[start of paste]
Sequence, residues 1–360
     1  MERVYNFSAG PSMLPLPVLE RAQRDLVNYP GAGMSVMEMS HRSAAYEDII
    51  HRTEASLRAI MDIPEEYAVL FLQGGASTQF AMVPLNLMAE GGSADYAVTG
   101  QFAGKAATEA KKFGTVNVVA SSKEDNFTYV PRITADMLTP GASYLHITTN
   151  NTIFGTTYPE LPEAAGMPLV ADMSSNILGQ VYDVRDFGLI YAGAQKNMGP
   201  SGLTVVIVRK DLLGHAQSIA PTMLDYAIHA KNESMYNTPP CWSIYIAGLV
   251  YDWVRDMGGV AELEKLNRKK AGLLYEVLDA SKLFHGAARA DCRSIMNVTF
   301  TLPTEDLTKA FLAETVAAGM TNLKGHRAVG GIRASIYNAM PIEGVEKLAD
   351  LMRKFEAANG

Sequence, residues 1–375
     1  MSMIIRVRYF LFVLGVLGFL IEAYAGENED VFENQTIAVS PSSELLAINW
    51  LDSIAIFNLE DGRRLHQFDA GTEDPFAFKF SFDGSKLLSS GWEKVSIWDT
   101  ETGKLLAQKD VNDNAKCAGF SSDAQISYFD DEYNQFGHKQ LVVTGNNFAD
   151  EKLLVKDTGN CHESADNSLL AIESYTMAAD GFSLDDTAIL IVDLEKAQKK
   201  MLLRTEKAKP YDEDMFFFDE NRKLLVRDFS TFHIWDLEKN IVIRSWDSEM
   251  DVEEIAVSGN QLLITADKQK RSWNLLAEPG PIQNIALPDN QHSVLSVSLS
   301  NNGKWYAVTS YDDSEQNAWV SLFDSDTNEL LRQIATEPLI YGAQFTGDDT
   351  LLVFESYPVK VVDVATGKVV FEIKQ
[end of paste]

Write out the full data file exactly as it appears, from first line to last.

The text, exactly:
Sequence, residues 1–360
     1  MERVYNFSAG PSMLPLPVLE RAQRDLVNYP GAGMSVMEMS HRSAAYEDII
    51  HRTEASLRAI MDIPEEYAVL FLQGGASTQF AMVPLNLMAE GGSADYAVTG
   101  QFAGKAATEA KKFGTVNVVA SSKEDNFTYV PRITADMLTP GASYLHITTN
   151  NTIFGTTYPE LPEAAGMPLV ADMSSNILGQ VYDVRDFGLI YAGAQKNMGP
   201  SGLTVVIVRK DLLGHAQSIA PTMLDYAIHA KNESMYNTPP CWSIYIAGLV
   251  YDWVRDMGGV AELEKLNRKK AGLLYEVLDA SKLFHGAARA DCRSIMNVTF
   301  TLPTEDLTKA FLAETVAAGM TNLKGHRAVG GIRASIYNAM PIEGVEKLAD
   351  LMRKFEAANG

Sequence, residues 1–375
     1  MSMIIRVRYF LFVLGVLGFL IEAYAGENED VFENQTIAVS PSSELLAINW
    51  LDSIAIFNLE DGRRLHQFDA GTEDPFAFKF SFDGSKLLSS GWEKVSIWDT
   101  ETGKLLAQKD VNDNAKCAGF SSDAQISYFD DEYNQFGHKQ LVVTGNNFAD
   151  EKLLVKDTGN CHESADNSLL AIESYTMAAD GFSLDDTAIL IVDLEKAQKK
   201  MLLRTEKAKP YDEDMFFFDE NRKLLVRDFS TFHIWDLEKN IVIRSWDSEM
   251  DVEEIAVSGN QLLITADKQK RSWNLLAEPG PIQNIALPDN QHSVLSVSLS
   301  NNGKWYAVTS YDDSEQNAWV SLFDSDTNEL LRQIATEPLI YGAQFTGDDT
   351  LLVFESYPVK VVDVATGKVV FEIKQ